Tag Archives: Sean Connery

The Top Ten Best Car Chases

There’s nothing better than a frantic, fast-paced, pulse-pounding car chase.

The kind that sticks you directly in the middle of the action at a hundred miles an hour, keeping you at the edge of your seat as the mayhem unfolds.

The kind that keeps you coming back to re-view (and in my case, “review”) time and again,  just to relive it.

The kind that brings something new to a very crowded genre.

The kind that I’m crazy for not including in my top ten list.  Well, did I miss any?

10. Bank Heist (Fast Five)

This would rank even higher if two Mustangs had been involved instead of two Dodge Chargers, but it’s still fantastic to see Vin Diesel and Paul Walker double-team the streets of Rio de Janeiro with a gazillion ton bank safe in tow.

Bonus points for the fact that when the safe opens, it’s to Danza Kuduro so I’m reminded of every Caribbean vacation I’ve taken since 2010.

9. Mall Escape (Terminator 2)

Normally, if you’re choosing between a dirt bike and a big rig tow truck for chase purposes, you’d take the terminator2truck, right?  But what if the dirt bike also comes with an assist from Arnold Schwarzenegger’s T-800?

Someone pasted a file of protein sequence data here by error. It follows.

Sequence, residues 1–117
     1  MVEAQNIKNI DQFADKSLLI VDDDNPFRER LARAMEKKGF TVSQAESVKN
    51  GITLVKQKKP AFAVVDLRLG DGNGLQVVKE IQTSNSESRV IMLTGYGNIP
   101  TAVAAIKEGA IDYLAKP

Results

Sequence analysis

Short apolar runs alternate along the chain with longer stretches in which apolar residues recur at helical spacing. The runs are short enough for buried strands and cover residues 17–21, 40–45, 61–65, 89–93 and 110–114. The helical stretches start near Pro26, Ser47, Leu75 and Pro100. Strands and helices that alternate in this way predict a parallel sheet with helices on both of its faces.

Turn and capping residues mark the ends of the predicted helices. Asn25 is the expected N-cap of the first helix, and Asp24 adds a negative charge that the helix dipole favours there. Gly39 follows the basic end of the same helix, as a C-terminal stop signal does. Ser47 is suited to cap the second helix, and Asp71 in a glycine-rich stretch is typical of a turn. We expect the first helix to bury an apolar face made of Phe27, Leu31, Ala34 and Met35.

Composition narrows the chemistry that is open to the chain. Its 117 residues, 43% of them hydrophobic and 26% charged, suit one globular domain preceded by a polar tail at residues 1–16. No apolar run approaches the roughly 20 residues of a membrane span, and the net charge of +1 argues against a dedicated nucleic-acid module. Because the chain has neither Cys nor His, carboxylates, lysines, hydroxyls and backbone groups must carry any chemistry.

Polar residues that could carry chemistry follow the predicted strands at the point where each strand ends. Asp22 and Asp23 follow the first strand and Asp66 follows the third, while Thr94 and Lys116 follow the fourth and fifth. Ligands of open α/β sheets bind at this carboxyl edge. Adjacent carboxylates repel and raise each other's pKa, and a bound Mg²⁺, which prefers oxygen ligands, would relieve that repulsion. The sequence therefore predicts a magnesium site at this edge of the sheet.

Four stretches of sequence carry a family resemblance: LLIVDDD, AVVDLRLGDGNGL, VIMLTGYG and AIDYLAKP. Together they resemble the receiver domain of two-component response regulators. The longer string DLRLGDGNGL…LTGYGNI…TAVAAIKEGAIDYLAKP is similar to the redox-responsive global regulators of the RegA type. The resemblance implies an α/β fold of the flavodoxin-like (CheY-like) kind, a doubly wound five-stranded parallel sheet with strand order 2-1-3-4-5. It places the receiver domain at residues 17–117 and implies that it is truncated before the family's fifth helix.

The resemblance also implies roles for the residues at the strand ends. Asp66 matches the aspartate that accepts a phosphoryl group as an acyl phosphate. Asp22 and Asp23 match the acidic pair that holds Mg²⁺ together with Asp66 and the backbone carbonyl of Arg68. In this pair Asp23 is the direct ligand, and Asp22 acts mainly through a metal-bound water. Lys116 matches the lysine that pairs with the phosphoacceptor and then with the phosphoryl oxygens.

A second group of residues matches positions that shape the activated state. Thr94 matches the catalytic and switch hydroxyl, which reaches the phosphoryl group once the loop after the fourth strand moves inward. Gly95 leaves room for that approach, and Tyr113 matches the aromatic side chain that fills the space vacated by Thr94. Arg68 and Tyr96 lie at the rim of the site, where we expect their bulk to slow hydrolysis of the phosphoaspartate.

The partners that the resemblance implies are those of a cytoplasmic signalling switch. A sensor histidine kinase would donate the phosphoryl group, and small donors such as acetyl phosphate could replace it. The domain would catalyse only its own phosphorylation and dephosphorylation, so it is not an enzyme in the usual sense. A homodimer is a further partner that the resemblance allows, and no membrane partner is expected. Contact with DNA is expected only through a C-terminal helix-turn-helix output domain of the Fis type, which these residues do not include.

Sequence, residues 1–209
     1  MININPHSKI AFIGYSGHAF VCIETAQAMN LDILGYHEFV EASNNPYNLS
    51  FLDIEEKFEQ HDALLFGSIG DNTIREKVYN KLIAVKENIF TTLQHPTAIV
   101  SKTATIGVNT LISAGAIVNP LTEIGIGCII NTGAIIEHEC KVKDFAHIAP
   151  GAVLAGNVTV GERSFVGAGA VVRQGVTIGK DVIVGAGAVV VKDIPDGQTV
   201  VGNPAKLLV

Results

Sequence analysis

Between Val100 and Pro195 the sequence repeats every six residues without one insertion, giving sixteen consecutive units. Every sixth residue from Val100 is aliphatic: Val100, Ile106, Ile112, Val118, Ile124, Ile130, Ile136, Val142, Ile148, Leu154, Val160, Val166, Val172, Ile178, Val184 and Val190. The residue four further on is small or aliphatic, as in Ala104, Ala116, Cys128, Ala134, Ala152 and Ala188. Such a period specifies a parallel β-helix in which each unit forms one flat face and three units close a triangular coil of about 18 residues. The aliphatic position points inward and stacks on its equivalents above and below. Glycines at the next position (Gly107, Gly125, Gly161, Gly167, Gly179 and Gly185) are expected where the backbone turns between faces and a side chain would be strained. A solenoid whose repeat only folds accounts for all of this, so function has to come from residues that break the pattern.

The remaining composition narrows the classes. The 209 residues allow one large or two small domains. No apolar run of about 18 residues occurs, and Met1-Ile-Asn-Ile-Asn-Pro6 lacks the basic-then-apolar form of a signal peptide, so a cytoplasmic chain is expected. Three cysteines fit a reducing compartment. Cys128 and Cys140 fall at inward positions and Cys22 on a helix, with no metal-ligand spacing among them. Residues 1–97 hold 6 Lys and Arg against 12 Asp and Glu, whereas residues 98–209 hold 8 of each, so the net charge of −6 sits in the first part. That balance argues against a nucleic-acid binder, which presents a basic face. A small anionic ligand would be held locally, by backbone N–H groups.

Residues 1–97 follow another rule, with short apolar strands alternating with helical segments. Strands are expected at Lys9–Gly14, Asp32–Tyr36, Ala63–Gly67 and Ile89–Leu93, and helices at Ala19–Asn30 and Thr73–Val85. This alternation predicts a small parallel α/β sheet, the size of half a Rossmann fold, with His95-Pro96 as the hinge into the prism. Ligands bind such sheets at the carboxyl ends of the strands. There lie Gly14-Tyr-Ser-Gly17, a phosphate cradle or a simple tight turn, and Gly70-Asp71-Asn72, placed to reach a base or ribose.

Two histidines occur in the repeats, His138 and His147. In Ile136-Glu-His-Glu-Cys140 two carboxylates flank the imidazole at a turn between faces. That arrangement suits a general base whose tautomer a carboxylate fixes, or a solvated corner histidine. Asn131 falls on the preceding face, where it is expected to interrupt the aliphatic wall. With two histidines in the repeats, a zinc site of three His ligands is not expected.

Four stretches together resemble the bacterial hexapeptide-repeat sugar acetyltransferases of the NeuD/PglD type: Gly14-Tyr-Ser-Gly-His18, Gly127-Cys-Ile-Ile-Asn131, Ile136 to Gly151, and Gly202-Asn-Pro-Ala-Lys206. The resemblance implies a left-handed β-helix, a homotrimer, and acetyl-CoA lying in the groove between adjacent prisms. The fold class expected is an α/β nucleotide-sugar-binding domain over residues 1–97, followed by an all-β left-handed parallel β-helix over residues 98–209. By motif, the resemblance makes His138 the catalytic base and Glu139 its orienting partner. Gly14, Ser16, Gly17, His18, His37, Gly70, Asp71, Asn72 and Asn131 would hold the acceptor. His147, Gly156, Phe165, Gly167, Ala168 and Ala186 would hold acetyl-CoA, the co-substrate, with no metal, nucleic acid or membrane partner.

What makes this chase all the more awesome is that if you go in to this movie cold, you cannot be sure which killer robot is on little John Conner’s side – a masterstroke by James Cameron which the movie’s trailers spoiled for anyone who’d seen them.

8. Mall Break-In (The Blues Brothers)

You expect a crash or two as part of a chase.  Maybe a car even flips over once in a while.   The Blues Brothers took crashes to an entirely different level.

A total of 103 cars were wrecked during the film, many of them during Dan Ackroyd and John Belushi’s wild ride through a shopping mall.  That triple-digit destruction was a record until Blues Brothers 2000 deliberately smashed one more car during its production.  But it’s the original receiving the crown that matters, namely a spot on this prestigious list.

7. San Francisco Tour (Bullitt)